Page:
Germany contemplates ending conscription

Germany's declining economic power is threatening one of the cornerstones of its democratic system: the conscript-based national army, which replaced the professionalism of the country's militaristic past.

A heated row within the government over proposed defence cuts has focused attention on Germany's inability to finance conscription beyond the year 2000. Yesterday, the Free Democrats, the junior partners in the governing coalition, called for a parliamentary debate, and announced they would hold a referendum among their members over the future of the Bundeswehr.

"If it came to cutting 10,000-20,000 men or more, then I could see that we would have to call conscription into question, at least in its current form," said Gunther Nolting, the Free Democrats' defence spokesman. "I could well imagine that we would have to consider introducing a militia system in Germany."

Mr Waigel, painted as a Scrooge prepared to sacrifice the democratic principles of the nation's defence on the altar of financial rectitude, has even been denounced by members of his own party. "If the total cuts of 12 billion [marks] demanded by the Finance Minister are what we really want politically, than we cannot maintain the draft," said Klaus Rose, a fellow Christian Socialist and chairman of parliament's defence committee.

The debate was sparked last week by a deliberately leaked letter written by Volker Ruhe, the Defence Minister, to his cabinet colleague Theo Waigel, who is in charge of the finance ministry. Mr Waigel's demand for a cut in the defence budget would undermine the draft and endanger Europe-wide arms procurement projects, Mr Ruhe wrote.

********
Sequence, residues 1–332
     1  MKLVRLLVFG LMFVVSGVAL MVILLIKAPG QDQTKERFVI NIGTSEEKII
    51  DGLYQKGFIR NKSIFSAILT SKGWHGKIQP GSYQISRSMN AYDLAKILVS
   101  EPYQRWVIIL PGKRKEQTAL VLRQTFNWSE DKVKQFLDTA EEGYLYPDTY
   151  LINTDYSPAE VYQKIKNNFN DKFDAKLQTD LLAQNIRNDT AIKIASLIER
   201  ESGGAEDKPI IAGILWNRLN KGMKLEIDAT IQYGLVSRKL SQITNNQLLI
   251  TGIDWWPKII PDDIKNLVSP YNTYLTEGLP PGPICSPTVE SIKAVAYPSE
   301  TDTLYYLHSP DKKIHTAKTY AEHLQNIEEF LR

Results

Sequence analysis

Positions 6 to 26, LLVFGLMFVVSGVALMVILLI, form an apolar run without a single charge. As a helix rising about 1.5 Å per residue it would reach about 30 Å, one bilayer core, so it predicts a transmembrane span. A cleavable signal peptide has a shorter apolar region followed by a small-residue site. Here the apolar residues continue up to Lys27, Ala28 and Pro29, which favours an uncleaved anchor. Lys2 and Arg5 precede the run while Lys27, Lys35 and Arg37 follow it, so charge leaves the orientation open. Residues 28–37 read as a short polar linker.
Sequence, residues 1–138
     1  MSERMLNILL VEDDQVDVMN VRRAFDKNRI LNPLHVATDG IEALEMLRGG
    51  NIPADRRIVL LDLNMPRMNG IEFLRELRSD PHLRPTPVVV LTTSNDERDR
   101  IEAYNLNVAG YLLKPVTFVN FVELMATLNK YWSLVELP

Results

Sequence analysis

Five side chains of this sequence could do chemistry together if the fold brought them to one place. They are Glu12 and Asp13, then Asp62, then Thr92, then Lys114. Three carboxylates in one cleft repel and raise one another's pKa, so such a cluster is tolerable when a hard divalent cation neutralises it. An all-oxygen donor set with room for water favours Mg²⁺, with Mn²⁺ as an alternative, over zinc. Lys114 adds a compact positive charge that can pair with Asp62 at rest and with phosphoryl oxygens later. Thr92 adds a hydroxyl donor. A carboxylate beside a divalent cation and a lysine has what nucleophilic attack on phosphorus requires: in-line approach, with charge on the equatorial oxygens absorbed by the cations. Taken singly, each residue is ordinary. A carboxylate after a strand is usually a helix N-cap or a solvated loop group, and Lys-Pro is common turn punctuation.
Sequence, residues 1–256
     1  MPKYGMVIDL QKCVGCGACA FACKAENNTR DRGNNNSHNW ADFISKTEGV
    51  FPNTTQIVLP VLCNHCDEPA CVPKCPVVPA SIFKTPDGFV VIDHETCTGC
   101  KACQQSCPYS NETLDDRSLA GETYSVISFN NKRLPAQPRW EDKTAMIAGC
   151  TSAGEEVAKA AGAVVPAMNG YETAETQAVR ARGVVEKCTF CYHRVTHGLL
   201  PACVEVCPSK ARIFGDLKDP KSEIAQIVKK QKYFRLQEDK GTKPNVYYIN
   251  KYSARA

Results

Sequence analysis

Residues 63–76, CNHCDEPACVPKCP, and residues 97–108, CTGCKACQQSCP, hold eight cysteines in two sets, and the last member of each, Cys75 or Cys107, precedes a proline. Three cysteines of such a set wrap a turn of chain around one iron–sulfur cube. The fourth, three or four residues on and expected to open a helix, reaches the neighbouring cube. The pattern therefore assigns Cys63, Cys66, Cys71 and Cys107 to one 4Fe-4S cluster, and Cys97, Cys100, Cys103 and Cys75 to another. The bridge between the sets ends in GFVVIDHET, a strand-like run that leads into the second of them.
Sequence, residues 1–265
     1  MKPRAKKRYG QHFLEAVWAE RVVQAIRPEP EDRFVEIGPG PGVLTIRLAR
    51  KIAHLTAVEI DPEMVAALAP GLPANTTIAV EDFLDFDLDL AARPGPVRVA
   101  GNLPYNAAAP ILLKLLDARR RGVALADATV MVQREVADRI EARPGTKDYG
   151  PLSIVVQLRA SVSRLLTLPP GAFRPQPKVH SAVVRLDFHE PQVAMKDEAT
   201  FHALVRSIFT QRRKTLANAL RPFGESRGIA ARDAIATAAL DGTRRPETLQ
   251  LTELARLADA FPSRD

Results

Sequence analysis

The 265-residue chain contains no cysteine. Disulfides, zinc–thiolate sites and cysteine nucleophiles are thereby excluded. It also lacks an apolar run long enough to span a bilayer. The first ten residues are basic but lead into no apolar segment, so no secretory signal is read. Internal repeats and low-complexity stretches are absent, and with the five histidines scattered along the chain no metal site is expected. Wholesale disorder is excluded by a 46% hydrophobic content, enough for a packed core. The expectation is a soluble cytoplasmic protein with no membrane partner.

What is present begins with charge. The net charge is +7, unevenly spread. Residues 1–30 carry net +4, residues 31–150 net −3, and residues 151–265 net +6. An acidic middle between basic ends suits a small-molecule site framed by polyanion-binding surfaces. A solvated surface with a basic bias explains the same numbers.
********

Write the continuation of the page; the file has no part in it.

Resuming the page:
The latter include the four-nation Eurofighter aircraft in which Britain has a stake, the Franco-German spy satellite Helios, as well as a new combat helicopter and a transport helicopter to be built together with Germany's European partners.

Mr Ruhe's warning about European commitments was addressed to Chancellor Helmut Kohl, who takes a personal interest in these projects. But raising the alarm over conscription was meant for the German public, the majority of whom continue to mistrust people who earn their living as soldiers.

"A professional army keeps itself busy - "its trade is war," was how the liberal daily Suddeutsche Zeitung articulated the angst of the man in the street in yesterday's editorial. At present, 140,000 out of the Bundeswehr's total strength of 340,000 are drafted.